Corn & Pepper Panko Schnitzel with Tomato Relish – just the name of it makes me hungry! This vegetarian alternative to schnitzel is perfect for summer. Top these crispy corn cakes with fresh tomato relish and Greek yogurt or sour cream. It’s a truly delicious meatless meal.
When summer rolls around, two ingredients jump to the top of my “must cook with” list– corn and tomatoes. When I was a little girl, my Grandpa Avey had a vegetable garden where he grew rows of corn and big, beautiful, vine-ripened tomatoes. During the summer I would help him harvest, pulling the tomatoes from the vine and smelling that wonderful aroma from the stem that lingered on my fingertips. We’d pull the ears of corn from the stock, then I’d help my grandma shuck them in the kitchen, peeling the whisper-soft silks from the cob. Corn and tomatoes became forever associated with sunshine, gardening, and family.
Nowadays, it is almost obligatory that I cook with corn and tomatoes during the summer. A few summers ago, I combined three of my favorite foods– schnitzel, corn and heirloom tomatoes– into this delicious Corn & Pepper Panko Schnitzel. I added Mediterranean spices to a simple corn batter, then added a roasted pepper for sweetness and depth. Grilling the corn and pepper added even more summery flavor to the mix (that’s optional, though). The result was irresistible!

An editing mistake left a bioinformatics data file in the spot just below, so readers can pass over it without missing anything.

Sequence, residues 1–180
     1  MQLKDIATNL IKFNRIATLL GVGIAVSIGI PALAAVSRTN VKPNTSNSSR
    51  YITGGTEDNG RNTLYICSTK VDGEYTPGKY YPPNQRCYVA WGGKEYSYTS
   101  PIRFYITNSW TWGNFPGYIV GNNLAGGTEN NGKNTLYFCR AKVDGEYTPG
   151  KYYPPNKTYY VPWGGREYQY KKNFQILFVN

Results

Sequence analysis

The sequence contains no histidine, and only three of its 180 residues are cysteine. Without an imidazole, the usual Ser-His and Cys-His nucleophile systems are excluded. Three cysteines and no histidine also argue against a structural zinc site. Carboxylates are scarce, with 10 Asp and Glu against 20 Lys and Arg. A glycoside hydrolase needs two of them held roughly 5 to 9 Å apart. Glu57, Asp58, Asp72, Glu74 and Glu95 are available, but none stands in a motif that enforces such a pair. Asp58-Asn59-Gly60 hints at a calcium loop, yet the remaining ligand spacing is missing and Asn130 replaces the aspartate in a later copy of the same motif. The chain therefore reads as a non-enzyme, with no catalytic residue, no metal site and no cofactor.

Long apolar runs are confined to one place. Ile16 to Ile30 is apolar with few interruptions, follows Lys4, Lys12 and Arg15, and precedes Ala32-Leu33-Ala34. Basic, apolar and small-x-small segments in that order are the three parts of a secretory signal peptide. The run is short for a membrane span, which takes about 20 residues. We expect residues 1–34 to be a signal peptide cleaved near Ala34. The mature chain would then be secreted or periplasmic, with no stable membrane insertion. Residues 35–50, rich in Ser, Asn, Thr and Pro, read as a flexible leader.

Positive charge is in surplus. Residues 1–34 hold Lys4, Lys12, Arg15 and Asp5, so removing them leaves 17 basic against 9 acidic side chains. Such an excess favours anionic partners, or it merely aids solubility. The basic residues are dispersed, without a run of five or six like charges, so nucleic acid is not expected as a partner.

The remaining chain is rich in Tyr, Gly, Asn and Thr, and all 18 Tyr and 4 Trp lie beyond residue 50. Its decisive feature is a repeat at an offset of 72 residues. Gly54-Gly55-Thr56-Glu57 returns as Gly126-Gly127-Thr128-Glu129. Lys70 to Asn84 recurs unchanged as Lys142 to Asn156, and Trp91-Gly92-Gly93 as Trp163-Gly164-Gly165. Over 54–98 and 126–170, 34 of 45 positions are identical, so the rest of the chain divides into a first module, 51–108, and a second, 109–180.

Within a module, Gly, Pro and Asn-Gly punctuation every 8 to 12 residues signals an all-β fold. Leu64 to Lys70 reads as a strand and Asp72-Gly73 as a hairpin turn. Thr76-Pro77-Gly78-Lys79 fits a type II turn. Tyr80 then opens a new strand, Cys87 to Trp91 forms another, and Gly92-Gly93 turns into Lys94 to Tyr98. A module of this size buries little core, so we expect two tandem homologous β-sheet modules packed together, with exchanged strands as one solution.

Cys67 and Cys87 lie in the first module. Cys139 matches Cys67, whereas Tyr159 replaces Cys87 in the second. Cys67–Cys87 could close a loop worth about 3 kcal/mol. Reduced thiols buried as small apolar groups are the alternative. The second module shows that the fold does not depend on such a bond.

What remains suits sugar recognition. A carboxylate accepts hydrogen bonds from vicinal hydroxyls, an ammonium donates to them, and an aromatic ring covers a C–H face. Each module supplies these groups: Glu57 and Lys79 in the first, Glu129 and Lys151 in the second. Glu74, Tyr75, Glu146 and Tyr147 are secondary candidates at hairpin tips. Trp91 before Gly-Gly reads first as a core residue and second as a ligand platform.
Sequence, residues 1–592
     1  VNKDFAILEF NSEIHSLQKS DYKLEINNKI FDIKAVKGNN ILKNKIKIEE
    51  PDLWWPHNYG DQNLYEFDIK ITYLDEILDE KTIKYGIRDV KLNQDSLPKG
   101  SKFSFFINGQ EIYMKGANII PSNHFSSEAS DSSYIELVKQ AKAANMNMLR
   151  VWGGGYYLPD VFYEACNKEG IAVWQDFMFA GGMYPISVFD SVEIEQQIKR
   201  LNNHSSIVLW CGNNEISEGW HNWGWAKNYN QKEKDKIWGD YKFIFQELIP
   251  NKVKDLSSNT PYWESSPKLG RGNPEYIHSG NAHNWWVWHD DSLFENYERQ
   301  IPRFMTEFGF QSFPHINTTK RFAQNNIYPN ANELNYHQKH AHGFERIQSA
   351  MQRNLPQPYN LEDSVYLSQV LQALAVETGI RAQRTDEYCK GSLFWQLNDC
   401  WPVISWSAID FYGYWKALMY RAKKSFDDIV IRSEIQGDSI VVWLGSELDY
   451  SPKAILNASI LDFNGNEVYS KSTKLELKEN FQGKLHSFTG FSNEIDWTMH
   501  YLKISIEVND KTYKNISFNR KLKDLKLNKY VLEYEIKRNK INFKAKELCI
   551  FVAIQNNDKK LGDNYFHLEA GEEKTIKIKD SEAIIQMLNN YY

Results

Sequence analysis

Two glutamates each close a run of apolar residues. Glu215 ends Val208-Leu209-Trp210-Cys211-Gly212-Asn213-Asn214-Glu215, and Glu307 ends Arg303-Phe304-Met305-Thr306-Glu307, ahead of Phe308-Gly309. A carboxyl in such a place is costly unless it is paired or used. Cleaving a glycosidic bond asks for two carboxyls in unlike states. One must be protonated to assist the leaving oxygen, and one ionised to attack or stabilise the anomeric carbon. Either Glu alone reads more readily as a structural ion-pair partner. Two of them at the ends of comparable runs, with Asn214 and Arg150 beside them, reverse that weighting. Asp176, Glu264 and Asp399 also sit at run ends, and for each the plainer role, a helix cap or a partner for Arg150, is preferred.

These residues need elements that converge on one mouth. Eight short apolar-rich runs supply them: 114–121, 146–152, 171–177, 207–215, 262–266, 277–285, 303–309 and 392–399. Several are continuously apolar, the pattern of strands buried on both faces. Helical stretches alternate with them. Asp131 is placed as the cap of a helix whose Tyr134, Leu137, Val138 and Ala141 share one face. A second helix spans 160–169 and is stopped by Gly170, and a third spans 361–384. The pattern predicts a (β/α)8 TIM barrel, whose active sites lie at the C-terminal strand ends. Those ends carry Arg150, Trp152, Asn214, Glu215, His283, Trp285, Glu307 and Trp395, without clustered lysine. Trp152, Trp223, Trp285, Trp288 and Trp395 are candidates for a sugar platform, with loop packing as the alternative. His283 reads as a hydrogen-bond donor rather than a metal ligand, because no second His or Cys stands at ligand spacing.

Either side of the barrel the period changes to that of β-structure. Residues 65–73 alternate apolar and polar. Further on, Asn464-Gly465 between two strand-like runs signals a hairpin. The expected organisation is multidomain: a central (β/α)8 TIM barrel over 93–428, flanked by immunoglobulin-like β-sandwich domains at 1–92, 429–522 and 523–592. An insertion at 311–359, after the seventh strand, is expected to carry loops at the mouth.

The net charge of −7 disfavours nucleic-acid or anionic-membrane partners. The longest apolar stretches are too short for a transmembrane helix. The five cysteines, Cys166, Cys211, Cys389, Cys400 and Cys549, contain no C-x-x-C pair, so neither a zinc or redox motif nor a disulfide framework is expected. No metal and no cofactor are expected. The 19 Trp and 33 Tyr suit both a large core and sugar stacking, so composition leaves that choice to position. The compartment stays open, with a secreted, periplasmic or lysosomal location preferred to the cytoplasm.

Because of concerns over pesticides and GMO’s, I try to find organic corn whenever possible. It can be somewhat tough to track down nowadays; I tend to have more luck at our local farmer’s markets than at the grocery store. Frozen or canned corn will work, too. Any tomato will work for the relish, even cherry tomatoes – just choose the sweetest you can find.
I prefer grilling the corn and pepper prior to making the schnitzel; it adds an extra step but also kicks up the flavor substantially. If you’re in a hurry, no worries– just skip the grilling and use a pre-roasted, peeled pepper (from a jar is just fine). To save even more time, make the corn batter, cover, and refrigerate up to overnight. The refrigeration makes the batter easier to handle, and will save on your prep time right before dinner.
This recipe makes 8 corn schnitzels. They are about the size of thick silver dollar pancakes, or large latkes. If we’re eating it as an entree, we usually serve 2 to 3 per person with relish and some side salads. Bigger appetites may want 3 or even 4 per serving, so feel free to double the recipe if you’re feeding a crowd. They are wonderful topped with a dollop or sour cream or Greek yogurt, too.
This is a terrific vegetarian alternative to traditional meat schnitzel, with so much flavor that nobody will feel deprived. Enjoy!
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Beauty Shot Food Photography and Styling by Kelly Jaggers
Corn and Pepper Schnitzel
- 2 ears corn, shucked, or 1 1/4 cups corn, canned or frozen - you will need 1 1/4 cups corn total
- 1 poblano pepper, roasted, peeled and diced (about 1/3 cup diced)
- 1/2 cup flour